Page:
During the virus edition of the hajj that begins on Wednesday, the black stone is off limits. Authorities in Saudi Arabia are issuing bottled water from the Zamzam well instead of letting pilgrims drink from cups at the source. Also in the pilgrim packages: sterilized pebbles to hurl at the devil, personal prayer rugs and other items intended to prevent an outbreak from marring the hajj.
But the chief public health measure the Saudi government has taken is to limit attendance, shrinking one of the world’s most famous crowds to a select few. About 2.5 million Muslims from around the world performed the hajj last year; this year, Saudi Arabia said it would allow just 1,000 pilgrims, all of them from within the kingdom, though it has not released the final number.
Across the Middle East, celebrations for Eid al-Adha, the festival of sacrifice that marks the end of the hajj this weekend, will likewise be paler this year.
In Oman and Bahrain, where the unchecked spread of the virus among low-paid foreign laborers living in crowded conditions has contributed to two of the world’s worst outbreaks, officials have urged residents to forgo the large celebrations that usually mark Eid, and Oman has reinstituted a domestic travel ban and curfew. In Egypt, new cases have fallen as the country resumes normal life, but a live broadcast will replace communal Eid prayers.
In the United Arab Emirates, where it is common for residents to buy sheep or other livestock to sacrifice and donate during Eid, the authorities were encouraging people to use apps to reduce crowding at slaughterhouses and markets.
Countries across the region are reopening despite lingering hot spots. While Persian Gulf countries including Oman and Bahrain continue to struggle with large outbreaks, smaller ones in Yemen and Syria — where years of war have decimated health care systems and mired the population in deepening poverty — are rapidly metastasizing.
Here are other developments from around the globe:
Spain’s prime minister said that Britain had made “an error” by imposing a quarantine on everyone arriving from his country, a decision that blindsided British vacationers and dealt another blow to Spain’s tourism industry. Prime Minister Pedro Sánchez, in an interview with the news outlet Telecinco on Monday, said that Britain should have taken into account the regional divergences in Spain’s coronavirus cases and not issued a blanket order.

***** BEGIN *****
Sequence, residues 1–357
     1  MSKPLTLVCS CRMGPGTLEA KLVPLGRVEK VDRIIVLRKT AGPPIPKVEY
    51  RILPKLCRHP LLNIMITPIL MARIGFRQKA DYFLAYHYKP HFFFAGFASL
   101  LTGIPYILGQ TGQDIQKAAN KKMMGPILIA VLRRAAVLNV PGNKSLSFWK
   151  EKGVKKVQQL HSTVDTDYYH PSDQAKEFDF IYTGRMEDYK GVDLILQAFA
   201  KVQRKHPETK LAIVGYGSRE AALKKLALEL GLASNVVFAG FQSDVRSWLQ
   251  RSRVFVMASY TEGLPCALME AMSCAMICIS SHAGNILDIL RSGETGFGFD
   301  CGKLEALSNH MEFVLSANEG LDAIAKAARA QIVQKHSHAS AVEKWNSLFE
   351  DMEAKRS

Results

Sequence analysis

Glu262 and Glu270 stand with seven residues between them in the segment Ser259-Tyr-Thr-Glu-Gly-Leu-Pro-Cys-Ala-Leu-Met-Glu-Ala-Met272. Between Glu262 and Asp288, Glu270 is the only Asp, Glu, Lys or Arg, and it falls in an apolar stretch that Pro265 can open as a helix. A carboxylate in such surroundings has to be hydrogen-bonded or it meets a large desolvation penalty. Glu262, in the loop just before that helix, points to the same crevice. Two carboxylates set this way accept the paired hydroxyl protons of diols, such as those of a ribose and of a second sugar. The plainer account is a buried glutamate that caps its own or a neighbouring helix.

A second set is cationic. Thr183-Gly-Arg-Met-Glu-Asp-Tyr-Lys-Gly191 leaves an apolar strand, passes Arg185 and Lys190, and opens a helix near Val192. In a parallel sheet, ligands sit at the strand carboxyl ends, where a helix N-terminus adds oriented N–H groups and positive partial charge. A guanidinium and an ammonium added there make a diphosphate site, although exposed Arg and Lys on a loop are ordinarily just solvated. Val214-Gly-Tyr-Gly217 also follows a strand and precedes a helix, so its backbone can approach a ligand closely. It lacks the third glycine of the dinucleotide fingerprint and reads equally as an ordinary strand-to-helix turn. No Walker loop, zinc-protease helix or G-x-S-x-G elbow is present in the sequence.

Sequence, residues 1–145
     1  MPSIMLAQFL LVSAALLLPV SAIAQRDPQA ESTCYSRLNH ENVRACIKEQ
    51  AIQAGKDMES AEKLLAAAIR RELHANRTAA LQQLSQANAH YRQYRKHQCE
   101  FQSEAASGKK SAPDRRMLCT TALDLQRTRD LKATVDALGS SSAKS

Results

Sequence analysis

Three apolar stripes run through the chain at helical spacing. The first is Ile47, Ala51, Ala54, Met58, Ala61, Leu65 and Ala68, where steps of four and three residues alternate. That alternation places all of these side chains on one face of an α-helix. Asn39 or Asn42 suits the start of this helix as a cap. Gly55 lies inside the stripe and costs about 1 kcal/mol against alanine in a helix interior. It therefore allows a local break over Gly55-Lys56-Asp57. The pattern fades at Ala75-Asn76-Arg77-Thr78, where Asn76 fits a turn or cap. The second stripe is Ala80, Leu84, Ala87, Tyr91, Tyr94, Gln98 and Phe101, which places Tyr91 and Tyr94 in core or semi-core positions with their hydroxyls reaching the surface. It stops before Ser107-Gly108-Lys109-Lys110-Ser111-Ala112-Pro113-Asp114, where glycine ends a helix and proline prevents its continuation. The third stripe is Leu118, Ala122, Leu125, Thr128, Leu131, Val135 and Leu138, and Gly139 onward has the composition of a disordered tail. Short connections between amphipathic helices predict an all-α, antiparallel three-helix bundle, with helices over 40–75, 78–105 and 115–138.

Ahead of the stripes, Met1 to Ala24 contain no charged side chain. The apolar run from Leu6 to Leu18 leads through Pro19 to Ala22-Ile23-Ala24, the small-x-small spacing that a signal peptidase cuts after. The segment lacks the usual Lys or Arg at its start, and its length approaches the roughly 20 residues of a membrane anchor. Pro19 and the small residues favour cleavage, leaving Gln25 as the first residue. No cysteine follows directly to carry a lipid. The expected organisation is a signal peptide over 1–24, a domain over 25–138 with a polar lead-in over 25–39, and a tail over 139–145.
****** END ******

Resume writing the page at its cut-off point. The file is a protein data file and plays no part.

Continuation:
Data released by the United Nations World Tourism Organization on Tuesday showed that leisure travel fell by 98 percent during the first five months of the year, compared with 2019. The group said that globally 300 million fewer people traveled, representing a loss of $320 billion for the tourism industry.
Vietnam suspended domestic flights into and out of the tourist destination of Danang for 15 days after discovering at least 14 coronavirus cases, according to Reuters. International travel was halted months ago, but domestic tourists still traveled to Danang, a coastal city. About 80,000 people, mostly tourists, were ordered to evacuate on Monday after the discovery of the country’s first local transmissions in 100 days.
China recorded 68 new virus infections on Monday, its National Health Commission said on Tuesday, including six in Liaoning Province and 57 in the northwestern region of Xinjiang, where a flare-up since mid-July has shown little sign of abating. As China battles the surge, the authorities in the northeastern port city of Dalian, in Liaoning, have said they will test all 6 million residents after an outbreak. Samples have been collected from about 1.68 million Dalian residents as of Sunday night, the official Xinhua news agency reported.
Kenya’s president, Uhuru Kenyatta, closed all bars and banned the sale of alcoholic drinks in restaurants for 30 days to try to curb the spread of the virus. In a speech Monday, Mr. Kenyatta said recent reopening measures had given “some Kenyans false comfort that this is not a serious health risk to them and their families.”
The Venice Film Festival announced the lineup on Tuesday for its 77th edition, setting out precautions including temperature checks and new outdoor screening sites for one of the first large international festivals held since the pandemic began. It will run from Sept. 2 to Sept 12, with a reduced schedule. Between 55 and 60 films will be screened, as opposed to last year’s 80.
Aleksandr Lukashenko, the president of Belarus, who is facing an election next month and has been criticized for allowing the coronavirus to spread in his country while he denied and downplayed the danger, said Tuesday at a gathering of security services officers that he had contracted the virus but showed no symptoms.
To lure back passengers, Emirates airline is tossing in health insurance with its tickets. Funeral insurance, too.
Airlines are trying all sorts of things — from leaving middle seats empty, to requiring everyone to wear masks, to health checks at terminals — to instill confidence in passengers who may be leery of air travel.